EPA Issues First-Ever Orders to Water Systems for Failure to File Consumer Confidence Reports
Release Date: 04/25/2000
|(#00074) St. Thomas, USVI – In the past several months, EPA has cited 94 drinking water systems in the U.S. Virgin Islands for their failure to file a report, detailing the quality of the drinking water delivered by the system and characterizing any risks that may have been posed by contaminants in the water. The Safe Drinking Water Act Amendments of 1996 required drinking water systems to prepare these reports, called Consumer Confidence Reports (CCR), and distribute them to water customers by October 19, 1999. In the months prior to October, the Virgin Islands Department of Planning and Natural Resources reminded all of the systems that these reports were due. EPA has issued Orders requiring the systems to prepare and distribute reports as soon as possible, but no later than July 1, 2000, or they could face penalties.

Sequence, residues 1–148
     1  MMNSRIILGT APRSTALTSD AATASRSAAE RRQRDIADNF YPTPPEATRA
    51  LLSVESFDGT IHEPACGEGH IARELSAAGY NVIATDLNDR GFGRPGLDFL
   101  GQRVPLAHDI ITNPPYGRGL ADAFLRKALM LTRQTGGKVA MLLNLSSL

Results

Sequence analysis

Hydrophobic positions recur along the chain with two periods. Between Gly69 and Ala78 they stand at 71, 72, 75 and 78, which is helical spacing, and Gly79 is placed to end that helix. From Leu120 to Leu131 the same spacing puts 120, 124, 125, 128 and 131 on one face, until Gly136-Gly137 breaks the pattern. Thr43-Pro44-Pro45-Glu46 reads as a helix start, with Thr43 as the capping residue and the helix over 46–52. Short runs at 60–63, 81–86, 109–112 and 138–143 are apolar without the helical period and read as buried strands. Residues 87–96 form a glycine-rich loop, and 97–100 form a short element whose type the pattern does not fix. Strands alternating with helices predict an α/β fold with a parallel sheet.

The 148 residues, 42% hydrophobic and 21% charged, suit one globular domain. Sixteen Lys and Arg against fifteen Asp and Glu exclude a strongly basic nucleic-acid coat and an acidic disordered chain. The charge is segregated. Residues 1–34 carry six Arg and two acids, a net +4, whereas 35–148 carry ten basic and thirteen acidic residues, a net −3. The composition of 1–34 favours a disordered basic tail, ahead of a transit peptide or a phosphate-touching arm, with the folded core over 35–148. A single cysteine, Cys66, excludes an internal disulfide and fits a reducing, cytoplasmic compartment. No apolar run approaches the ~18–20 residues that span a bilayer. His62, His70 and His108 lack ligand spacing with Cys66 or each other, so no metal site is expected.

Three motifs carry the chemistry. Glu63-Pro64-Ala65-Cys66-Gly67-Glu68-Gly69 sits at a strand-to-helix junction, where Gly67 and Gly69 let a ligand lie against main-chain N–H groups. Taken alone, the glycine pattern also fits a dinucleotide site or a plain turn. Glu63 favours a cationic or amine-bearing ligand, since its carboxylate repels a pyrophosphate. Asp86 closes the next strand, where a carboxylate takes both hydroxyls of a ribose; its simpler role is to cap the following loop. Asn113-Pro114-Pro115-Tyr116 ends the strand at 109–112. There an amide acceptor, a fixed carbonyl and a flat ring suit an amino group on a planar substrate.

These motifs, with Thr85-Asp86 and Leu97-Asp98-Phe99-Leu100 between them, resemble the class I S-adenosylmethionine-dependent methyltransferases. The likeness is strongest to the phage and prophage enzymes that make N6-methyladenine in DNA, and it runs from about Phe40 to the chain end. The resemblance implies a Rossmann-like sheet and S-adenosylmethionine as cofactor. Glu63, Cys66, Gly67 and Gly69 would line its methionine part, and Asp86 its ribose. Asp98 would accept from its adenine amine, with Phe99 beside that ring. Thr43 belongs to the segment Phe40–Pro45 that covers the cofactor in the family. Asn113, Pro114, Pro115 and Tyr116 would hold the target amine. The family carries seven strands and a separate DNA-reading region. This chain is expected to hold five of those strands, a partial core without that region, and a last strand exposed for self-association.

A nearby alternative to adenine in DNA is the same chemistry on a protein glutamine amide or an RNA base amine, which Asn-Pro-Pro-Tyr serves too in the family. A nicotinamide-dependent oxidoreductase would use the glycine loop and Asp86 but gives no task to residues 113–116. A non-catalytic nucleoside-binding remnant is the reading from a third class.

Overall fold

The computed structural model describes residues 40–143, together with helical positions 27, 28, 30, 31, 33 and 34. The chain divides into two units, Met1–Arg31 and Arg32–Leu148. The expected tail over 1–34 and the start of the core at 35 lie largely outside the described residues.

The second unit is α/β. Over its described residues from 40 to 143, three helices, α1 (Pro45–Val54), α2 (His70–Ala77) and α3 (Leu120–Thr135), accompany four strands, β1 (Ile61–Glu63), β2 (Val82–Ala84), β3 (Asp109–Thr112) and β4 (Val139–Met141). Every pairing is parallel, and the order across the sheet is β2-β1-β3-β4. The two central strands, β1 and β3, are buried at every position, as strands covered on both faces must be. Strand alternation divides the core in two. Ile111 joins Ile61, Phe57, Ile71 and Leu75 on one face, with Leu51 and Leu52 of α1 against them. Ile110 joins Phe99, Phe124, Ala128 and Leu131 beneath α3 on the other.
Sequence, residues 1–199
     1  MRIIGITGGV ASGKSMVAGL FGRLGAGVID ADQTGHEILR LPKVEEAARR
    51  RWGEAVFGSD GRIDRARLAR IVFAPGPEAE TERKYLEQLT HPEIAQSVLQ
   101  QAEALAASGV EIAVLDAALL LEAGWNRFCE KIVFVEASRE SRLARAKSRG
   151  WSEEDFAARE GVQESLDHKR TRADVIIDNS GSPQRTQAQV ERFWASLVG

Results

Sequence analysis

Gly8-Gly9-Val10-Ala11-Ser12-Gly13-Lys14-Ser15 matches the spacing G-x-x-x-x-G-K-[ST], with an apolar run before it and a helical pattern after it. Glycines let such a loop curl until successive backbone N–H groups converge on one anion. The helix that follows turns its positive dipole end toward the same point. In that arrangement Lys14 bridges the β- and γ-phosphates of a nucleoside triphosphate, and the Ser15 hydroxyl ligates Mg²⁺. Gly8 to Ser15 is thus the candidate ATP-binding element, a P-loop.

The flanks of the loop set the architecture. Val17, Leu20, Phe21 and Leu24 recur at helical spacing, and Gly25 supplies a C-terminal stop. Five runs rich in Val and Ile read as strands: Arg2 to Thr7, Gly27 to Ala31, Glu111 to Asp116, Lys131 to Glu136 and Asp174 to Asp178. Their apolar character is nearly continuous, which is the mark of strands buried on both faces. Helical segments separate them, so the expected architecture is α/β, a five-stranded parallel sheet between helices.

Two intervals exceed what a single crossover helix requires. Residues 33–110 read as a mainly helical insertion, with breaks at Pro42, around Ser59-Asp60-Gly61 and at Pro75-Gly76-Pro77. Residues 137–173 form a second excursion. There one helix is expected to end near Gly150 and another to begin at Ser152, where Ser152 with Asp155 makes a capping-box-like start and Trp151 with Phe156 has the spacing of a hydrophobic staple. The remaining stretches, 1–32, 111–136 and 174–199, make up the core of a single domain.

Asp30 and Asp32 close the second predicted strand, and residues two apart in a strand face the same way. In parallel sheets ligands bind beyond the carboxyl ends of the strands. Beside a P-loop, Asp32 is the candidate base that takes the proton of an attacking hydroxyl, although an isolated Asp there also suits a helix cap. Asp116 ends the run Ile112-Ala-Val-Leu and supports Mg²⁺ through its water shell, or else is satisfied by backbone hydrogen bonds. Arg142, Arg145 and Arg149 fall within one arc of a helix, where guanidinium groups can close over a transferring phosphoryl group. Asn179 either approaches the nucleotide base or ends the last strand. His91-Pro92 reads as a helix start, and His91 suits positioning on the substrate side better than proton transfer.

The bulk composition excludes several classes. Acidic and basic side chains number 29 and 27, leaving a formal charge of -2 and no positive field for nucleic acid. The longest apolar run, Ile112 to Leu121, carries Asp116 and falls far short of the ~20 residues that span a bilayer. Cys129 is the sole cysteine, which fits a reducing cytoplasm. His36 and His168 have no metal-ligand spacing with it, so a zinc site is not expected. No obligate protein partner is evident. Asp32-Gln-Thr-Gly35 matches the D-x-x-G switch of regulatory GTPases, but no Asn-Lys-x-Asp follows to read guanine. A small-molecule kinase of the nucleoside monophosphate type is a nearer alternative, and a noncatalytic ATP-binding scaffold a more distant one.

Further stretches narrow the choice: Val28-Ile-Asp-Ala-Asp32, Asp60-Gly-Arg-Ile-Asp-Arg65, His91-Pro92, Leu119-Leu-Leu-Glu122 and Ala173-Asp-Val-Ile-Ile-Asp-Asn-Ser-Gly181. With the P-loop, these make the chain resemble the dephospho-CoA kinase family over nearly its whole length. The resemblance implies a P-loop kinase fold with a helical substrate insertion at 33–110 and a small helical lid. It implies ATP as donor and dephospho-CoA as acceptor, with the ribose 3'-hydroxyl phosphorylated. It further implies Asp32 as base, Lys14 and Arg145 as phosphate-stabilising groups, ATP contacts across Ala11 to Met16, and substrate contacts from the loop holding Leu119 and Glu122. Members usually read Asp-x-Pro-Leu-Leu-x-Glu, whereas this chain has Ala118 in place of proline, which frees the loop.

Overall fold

"We’re ordering these water systems to develop the reports as soon as possible," said Jeanne M. Fox, EPA Region 2 Administrator. "These 94 systems are not alone. There are probably thousands of systems throughout the country that have not yet distributed Consumer Confidence Reports, and EPA is working with the states, commonwealths and territories to identify these systems and take action to correct the violations. These are just the first of many actions the Agency will be taking in coming months. The next Consumer Confidence Report is due by July 1, 2000 and annually thereafter."
While most states and territories, such as the Virgin Islands, have primary responsibility for enforcing the provisions of the Safe Drinking Water Act, they do not yet have the regulatory authority to enforce this new Consumer Confidence Report provision. Until the states and territories change their regulations to gain this authority, EPA will enforce the rules. In this case, the Virgin Islands Department of Planning and Natural Resources identified these systems and asked EPA to take action. EPA and the Department have agreed to work together to enforce the rules in this way while the Virgin Islands Agency revises its authorities to assume the role of primary enforcer.
DRINKING WATER SYSTEMS THAT RECEIVED ADMINISTRATIVE ORDERS